NEW ORLEANS: INTERVIEW WITH ANGELLE BRADFORD #WOMENCRUSHWEDNESDAY

This #WomenCrushWednesday we are spotlighting Angelle Bradford, a Women4Climate from New Orleans mentee who is dedicated to building a broad coalition of stakeholders tackling public transit issues in South Louisiana. Angelle leads advocacy efforts to ensure accessibility of public transportation in New Orleans and the region, with the aim of dually achieving public transit as a public good and carbon emissions reductions.

 

W4C - What's the story behind your project and what inspired you to start it?

Angelle -

In under 2 years, my original Women4Climate project has evolved and been adopted by the Sierra Club Delta Chapter, which I am a part of, and we are working on the development and implementation of a Statewide Transit Equity Connectivity Plan, in coalition with other organizations, labour and workers’ unions and community leaders.

There are so many needs in south Louisiana and here in New Orleans, it was hard to land on what made the most sense and honoured the greatest need. But transportation, as this dimensional, amorphous thing that we have made so cumbersome to navigate or discuss, felt befitting to delve into. At the time, folks were discussing rail between Baton Rouge and New Orleans again, something I had heard about for years while growing up. On a personal level, I liked the idea of riding my bike more, of travelling intercity and within the city more via public transit, and I was also coming across people and stories of folks who relied solely on transit. Hearing about their own challenges and barriers was inherently galvanizing for me.  I was inspired by this concept of being able to get from New Orleans to anywhere else in Louisiana and for others to be able to do the same..... and vice versa. And for that public good and access to matter more...for families, workers and communities to matter more... than profit. I want our decision-makers to understand and commit to the possibilities of public transit, and to value that transit can be enjoyable, beautiful and convenient. Of course, it does not hurt that investment in public transit represents a vital step towards divorcing ourselves from our addiction to fossil fuels.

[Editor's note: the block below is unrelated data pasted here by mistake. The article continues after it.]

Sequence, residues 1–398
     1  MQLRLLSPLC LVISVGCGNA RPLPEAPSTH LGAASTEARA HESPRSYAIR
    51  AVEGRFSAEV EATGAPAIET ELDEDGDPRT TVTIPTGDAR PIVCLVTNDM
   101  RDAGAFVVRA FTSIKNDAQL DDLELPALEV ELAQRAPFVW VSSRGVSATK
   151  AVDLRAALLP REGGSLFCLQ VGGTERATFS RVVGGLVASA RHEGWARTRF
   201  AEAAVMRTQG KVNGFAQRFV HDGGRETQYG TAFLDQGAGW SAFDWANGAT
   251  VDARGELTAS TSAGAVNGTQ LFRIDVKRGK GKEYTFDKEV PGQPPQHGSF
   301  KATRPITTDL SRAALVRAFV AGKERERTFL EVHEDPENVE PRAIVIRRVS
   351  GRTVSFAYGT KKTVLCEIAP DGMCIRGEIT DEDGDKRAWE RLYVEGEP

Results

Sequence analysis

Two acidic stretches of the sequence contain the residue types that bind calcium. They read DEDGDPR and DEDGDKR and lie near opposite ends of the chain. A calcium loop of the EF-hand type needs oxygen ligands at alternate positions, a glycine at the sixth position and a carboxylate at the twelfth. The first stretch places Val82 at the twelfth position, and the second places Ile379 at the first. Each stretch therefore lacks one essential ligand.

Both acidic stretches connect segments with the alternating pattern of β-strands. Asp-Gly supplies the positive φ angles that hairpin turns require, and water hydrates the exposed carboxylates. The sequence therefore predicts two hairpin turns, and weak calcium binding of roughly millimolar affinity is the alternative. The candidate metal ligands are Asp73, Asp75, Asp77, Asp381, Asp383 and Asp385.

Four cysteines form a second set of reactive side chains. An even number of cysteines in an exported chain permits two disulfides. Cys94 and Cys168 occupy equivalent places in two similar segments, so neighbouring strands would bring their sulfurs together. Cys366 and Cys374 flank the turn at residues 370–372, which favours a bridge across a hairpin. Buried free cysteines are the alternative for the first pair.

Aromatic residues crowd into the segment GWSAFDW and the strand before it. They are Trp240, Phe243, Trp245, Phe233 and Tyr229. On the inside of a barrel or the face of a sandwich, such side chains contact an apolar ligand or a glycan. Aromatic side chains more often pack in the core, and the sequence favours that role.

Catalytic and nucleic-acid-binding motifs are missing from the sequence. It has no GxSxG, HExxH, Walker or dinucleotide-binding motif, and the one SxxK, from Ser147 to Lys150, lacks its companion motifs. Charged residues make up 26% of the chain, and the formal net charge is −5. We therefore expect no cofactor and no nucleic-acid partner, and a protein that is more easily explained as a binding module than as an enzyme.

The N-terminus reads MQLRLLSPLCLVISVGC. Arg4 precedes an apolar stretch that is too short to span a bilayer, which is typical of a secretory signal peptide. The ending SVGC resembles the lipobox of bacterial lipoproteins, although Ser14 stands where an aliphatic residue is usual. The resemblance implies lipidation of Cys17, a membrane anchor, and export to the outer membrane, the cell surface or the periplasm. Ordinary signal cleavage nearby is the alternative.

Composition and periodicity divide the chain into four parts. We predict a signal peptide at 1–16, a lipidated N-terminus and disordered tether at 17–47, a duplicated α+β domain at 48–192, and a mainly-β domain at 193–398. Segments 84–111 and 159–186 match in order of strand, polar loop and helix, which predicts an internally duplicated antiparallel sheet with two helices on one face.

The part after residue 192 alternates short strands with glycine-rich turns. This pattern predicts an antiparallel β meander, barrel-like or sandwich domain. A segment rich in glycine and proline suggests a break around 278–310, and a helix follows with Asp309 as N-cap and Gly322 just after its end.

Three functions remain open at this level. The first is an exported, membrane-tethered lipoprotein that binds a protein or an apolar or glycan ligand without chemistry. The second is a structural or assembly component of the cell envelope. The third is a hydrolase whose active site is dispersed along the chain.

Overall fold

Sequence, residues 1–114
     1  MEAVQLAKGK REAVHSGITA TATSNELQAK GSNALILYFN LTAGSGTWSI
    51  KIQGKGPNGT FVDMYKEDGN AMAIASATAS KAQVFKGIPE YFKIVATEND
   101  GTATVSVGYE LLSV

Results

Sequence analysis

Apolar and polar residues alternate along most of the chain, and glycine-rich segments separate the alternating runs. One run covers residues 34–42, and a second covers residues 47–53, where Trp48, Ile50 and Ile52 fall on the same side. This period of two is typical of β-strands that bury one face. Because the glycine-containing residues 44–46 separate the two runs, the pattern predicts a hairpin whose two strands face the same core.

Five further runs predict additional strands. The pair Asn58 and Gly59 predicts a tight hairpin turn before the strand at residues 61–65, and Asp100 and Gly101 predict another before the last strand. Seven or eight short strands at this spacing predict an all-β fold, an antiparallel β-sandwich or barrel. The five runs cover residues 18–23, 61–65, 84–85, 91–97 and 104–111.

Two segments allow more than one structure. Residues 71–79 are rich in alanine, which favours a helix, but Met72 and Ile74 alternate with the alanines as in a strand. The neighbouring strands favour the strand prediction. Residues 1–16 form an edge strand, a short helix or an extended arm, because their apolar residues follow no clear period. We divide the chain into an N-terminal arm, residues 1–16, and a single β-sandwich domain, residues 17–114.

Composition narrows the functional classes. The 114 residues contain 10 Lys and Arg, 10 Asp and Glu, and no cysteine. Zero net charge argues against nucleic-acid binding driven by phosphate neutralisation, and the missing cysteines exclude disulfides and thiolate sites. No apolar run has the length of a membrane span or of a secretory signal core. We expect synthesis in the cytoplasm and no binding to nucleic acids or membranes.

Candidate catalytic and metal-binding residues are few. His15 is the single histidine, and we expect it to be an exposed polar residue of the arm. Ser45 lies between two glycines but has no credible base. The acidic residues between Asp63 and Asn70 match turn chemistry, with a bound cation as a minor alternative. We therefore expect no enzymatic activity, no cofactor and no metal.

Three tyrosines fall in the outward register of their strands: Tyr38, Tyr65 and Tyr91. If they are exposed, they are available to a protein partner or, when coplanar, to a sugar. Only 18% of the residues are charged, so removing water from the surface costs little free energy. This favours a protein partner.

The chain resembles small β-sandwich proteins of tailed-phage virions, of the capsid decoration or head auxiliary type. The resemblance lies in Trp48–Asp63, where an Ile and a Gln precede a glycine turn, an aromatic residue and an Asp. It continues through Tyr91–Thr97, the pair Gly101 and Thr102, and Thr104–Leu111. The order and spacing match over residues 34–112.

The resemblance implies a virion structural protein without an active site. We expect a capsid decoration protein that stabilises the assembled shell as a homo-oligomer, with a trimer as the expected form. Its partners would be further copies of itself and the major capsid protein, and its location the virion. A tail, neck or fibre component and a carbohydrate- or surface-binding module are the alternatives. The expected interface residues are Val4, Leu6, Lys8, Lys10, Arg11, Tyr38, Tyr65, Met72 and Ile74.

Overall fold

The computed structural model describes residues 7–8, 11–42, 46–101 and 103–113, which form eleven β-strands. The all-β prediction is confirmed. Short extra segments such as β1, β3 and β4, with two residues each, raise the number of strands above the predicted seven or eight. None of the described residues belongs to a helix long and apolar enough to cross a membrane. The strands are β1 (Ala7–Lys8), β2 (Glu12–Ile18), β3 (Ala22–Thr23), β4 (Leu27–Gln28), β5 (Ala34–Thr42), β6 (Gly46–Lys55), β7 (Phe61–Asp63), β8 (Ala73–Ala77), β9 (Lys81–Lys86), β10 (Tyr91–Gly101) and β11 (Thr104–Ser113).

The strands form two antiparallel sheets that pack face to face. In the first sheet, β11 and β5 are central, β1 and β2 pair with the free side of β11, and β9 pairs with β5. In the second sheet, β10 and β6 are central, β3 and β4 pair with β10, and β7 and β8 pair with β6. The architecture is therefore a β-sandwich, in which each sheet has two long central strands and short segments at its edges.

Members and allies of the Sierra Club Delta Chapter in a debrief call after their statewide Transit Equity Day event

Members and allies of the Sierra Club Delta Chapter in a debrief call after their statewide Transit Equity Day event. More about the event here
 

W4C - What message do you have from your own journey of being a Women4Climate, for aspiring women leaders working towards a sustainable, greener and an ever-unpredictable future?

Angelle - Even, and especially, during a global pandemic, I found community both here in New Orleans and globally. Women4Climate has been a constant for me. I have learned that compassion and authenticity are the bedrock for meaningful, collective work, which is what saving the planet is. Our generations - all of those alive right now- are tasked with what could feel insurmountable. But when you have mentors, and women leaders that not only help show you the way but also help you to establish your own direction and a path, you will find yourself absolutely affirmed and grounded. I am not a competitive person, so the cooperative and collaborative environment has been really good for me. When I have needed to pivot, there have been resources and supports for me to balance my project responsibilities with my own self-growth and care. And ultimately, I am not hopeless anymore about the future of our climate because Women4Climate has exposed me to so many different ways to work towards a unified goal. My time with the program has been a treasure and an honour.

W4C - Where do you see our cities in 10 years' time?

Angelle -

If we are to conquer climate change, our cities will need to be more equitable than they have ever been, with leaders and activists thinking outside of the boxes that we are currently emerging from. I don't see a greedy and disparity-laden economic system being the wave of the future, if we are going to have a future. Our cities will be in this ongoing fight to address poverty and we will have centred public good and access to food, water, shelter and movement/transit over the deep pockets of industries and corporations. And there will be more womxn in our governments, at all levels.